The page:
A leading epidemiologist has called for an island-wide approach to the pandemic, saying ‘you could bet your life’ an approach would be used if the disease affected animals – writes Press Association reporter James Ward.
Calls for a singular approach to how the governments of Belfast and Dublin are responding to the crisis are mounting after the two jurisdictions saw a record number of cases this week.
A record 2,312 cases were recorded on Wednesday – 1,217 in Northern Ireland and 1,095 in the Republic.
Dr Gabriel Scally, president of epidemiology and public health at the Royal Society of Medicine, denounced the “ridiculous situation” on this island, and said it was “disturbing” that a common approach was taken. was not taken.
Belfast-born Dr Scally said: ‘If it was an animal disease affecting sheep, chickens or cattle, you could bet your life that there would be an integrated North and South approach.
“And a huge amount of joint work and testing. This is not happening. It’s very, very disturbing.
He told RTE’s Morning Ireland: “From the very beginning, several people, including myself, have said that the best way to deal with this situation is on the whole island. It never happened.
“It has to be a well-integrated effort from North and South.”
Dr Scally criticized the ‘secrecy’ surrounding testing and follow-up in Northern Ireland and suggested that many cases were going undetected.
“It seems they are not doing the job of contact tracing properly and breaking these chains of transmission,” he said.
Irish Foreign Minister Simon Coveney later admitted that an all-island approach had worked in the past for animal diseases.
” He is right. Gabriel Scally speaks a lot of meaning when he’s on your program, ”he says.
But he added that Covid is “much more complicated”.
The governments of Dublin and Belfast are in regular contact, he said, as are the two chief medical officers.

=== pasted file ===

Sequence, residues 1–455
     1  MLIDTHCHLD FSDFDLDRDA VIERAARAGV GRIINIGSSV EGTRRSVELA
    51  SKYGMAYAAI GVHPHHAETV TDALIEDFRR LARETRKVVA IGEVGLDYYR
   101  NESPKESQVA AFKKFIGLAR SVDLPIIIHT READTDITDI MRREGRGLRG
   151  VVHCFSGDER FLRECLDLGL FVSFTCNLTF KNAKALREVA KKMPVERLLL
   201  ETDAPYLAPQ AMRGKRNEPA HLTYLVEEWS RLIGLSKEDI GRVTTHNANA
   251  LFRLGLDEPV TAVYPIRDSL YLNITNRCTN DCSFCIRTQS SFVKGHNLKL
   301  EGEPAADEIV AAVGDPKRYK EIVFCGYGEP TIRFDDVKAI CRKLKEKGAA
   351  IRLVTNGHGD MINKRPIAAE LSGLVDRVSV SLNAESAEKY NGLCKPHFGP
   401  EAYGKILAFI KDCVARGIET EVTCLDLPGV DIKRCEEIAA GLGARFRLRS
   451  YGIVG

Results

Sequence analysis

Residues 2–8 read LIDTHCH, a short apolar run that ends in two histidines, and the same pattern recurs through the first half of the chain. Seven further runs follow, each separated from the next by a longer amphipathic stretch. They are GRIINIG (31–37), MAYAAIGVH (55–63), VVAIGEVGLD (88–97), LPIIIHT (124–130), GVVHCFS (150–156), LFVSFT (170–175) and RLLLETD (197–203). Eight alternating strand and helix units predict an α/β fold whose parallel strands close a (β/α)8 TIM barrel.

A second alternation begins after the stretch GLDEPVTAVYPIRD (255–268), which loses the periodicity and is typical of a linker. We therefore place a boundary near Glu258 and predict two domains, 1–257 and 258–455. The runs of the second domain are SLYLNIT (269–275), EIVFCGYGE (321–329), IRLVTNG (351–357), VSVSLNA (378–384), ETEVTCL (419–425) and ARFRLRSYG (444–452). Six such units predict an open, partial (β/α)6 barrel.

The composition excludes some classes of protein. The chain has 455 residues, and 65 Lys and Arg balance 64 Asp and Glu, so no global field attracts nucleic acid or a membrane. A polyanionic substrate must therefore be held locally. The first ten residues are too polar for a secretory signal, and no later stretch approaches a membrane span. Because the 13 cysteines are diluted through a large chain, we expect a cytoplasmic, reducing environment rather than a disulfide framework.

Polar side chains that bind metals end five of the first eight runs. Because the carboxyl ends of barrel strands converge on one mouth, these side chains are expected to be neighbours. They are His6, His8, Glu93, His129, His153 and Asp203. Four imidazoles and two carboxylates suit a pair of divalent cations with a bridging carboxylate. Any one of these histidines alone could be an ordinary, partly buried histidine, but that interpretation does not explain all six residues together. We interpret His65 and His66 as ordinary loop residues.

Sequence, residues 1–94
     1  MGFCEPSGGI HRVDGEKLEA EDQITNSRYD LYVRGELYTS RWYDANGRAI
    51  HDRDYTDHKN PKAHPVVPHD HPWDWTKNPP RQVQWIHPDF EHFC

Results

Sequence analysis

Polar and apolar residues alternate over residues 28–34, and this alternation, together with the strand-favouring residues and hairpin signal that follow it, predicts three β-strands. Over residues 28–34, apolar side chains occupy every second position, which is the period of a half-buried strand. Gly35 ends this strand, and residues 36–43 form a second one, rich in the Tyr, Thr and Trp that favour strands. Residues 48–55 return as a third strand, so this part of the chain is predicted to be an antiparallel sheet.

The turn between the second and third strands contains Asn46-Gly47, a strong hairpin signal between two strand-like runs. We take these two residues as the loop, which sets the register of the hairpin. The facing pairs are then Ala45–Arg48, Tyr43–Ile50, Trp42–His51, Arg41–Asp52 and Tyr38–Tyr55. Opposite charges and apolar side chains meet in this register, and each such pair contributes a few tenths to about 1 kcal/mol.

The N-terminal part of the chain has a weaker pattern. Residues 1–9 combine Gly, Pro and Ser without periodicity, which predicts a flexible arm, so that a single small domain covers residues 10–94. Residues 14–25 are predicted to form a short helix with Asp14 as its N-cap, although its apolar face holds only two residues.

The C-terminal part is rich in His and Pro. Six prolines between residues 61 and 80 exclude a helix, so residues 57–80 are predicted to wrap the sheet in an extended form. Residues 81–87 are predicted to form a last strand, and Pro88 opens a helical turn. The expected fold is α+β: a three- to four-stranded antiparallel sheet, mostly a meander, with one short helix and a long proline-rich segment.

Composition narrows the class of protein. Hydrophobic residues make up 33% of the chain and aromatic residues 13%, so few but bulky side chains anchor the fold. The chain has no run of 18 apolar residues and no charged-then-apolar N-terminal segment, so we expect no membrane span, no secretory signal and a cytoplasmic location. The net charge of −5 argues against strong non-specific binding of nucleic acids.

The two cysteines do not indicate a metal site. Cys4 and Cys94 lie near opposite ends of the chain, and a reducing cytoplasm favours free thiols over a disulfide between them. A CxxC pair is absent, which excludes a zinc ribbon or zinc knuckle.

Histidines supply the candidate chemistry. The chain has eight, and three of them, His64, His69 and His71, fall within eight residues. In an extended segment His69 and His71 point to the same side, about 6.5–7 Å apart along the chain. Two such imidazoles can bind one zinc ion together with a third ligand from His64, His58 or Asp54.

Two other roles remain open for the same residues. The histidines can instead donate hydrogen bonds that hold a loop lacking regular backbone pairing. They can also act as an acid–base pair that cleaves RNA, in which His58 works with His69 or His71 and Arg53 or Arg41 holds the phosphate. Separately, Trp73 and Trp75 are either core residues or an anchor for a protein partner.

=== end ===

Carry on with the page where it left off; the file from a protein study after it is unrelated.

He added: “On the cross-border issue, there is a discussion in terms of cross-border tracing. We now have a Covid app in the North and South talking to each other.
“We do a number of things on a cross-border basis, but we need to do more. Our government is very keen to do more – to try to have a collective approach both North and South. “
The dispute comes amid a new outright ban across the Republic on visiting other homes, with level four restrictions introduced in border counties.
They will come into effect Thursday at midnight to apply until November 10.
Taoiseach Micheal Martin said the image emerging in Donegal, Monaghan and Cavan is “very disturbing”.
He said the national case figure per 100,000 in the past 14 days was 190.7, but in Monaghan it was 360, in Donegal it was 353 and in Cavan it was 571.
“The implications for local hospitals and public health in these areas are obvious and very serious, as is the need for an immediate escalation of restrictions in these three counties,” he said.
The announcement came after the Northern Ireland executive introduced a tough new ‘circuit breaker’ lockdown for four weeks after a record 1,217 cases were reported on Wednesday.
The new restrictions will see schools close for two weeks while pubs, restaurants and non-essential stores will close for four weeks.